The Atlanta Lyric Theatre

Theatre Review by Manning Harris – “Beauty and the Beast”

December 09, 2008

It’s always an occasion to rejoicify (as Glinda in “Wicked” would say) when a wonderful new theatre space opens in Atlanta, and that is what has happened with Atlanta Lyric Theatre in their new home: the historic 1935 Strand Theatre in Marietta has been transformed into a beautiful live theatre, thanks to some benevolent theatre gods (and generous donors). It would be well worth a visit even if it were not currently hosting a sparkling new production of “Beauty and the Beast” (through December 21), just in time for the holidays. Even dyed-in-the-wool intowners (such as myself—and please note our paper’s name!) need to make the easy trek up I-75 to this lovely Marietta “on the square” theatre. (Look—if Barbra Streisand zipped up to Marietta’s square to shop two years ago, you can too—and she didn’t have this totally charming musical play to see.)

On with the show: I have known Artistic Director and General Manager Brandt Blocker was the real deal ever since I saw his stunning “Peter Pan” at the Ferst Theatre (at GA Tech) some time back. Here he co-directs (with Paul Holly) and is the music director; he also conducts the orchestra. “Beauty and the Beast,” the 1991 Disney film, became a long-running hit on Broadway and has since become a magnetic draw for audiences of all ages. You probably know the story: a lovely girl (Belle, Stephanie Dorfman) lives a quiet life with her lovably eccentric father Maurice (Steve Hornibrook), but Belle has caught the eye of the handsome but egocentric Gaston (Bradley Bergeron), who has difficulty taking “no” for an answer. Maurice wanders into a forest where he comes upon an enchanted castle ruled by a terrifying “Beast” (Matthew Kacergis), who was once a handsome prince, but was turned by magic into an ungainly beast. Maurice is captured; it’s up to Belle to rescue her father. Can she do it? Will she be repulsed by the Beast (who secretly harbors a great romantic sadness—as well as a superb singing voice)? Or will the brawny, selfish Gaston triumph over all? Well, now, if you don’t know—or even if you do—you must see this “Beauty.” Mr. Bergeron, by the way, makes a convincing, manly Gaston.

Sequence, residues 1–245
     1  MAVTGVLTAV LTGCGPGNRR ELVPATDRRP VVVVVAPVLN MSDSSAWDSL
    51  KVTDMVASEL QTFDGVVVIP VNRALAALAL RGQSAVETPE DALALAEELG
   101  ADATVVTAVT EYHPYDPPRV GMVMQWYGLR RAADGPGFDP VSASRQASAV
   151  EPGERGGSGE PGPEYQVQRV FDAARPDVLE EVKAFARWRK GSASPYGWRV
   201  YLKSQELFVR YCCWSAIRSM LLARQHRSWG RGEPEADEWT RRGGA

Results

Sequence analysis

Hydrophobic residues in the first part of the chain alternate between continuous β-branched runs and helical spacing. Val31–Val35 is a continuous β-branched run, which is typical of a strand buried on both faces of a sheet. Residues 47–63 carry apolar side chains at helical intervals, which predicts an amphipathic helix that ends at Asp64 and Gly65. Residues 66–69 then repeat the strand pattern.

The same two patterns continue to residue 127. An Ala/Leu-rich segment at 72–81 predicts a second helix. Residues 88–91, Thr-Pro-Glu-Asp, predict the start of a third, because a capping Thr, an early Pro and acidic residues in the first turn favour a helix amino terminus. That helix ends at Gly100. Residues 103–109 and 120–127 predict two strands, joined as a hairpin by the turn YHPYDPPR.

The cast is outstanding. The delightful denizens of the castle are alone worth the price of admission: Mrs. Potts (Mary Welch Rogers); Cogsworth (Robert Wayne, in a fine comic performance); Lumiere (Jeff McKerley) and Madame de la Grande Bouche (Kim Bowers-Rheay) are irresistible, as are Babette (Natalie Barrow) and Chip (Ben Wilson). These characters’ costumes are delicious. Gaston’s sidekick, Lefou (Brett Parker) shows quite a flair for physical comedy. The entire cast is focused, and oh yes, they can dance (choreography, Jen MacQueen)!

Ms. Dorfman has charm, beauty, and a lovely voice. Mr. Kacergis’ Beast is magnificent: This young man (21), previously reported on in these pages, continues to grow as a total performer; and his voice is truly a great gift. The only problem with “Beauty” is that this Beast doesn’t get to sing enough; but when he does, it’s goose bump time. By the way, the amplification in the theatre is almost too good; singers with big voices tend to overpower the microphone; perhaps the sound could be turned down just a tad.

This delightful show, which lends itself surprisingly well as a holiday offering, runs through December 21. Head for the Strand Theatre in Marietta.

The Atlanta Lyric Theatre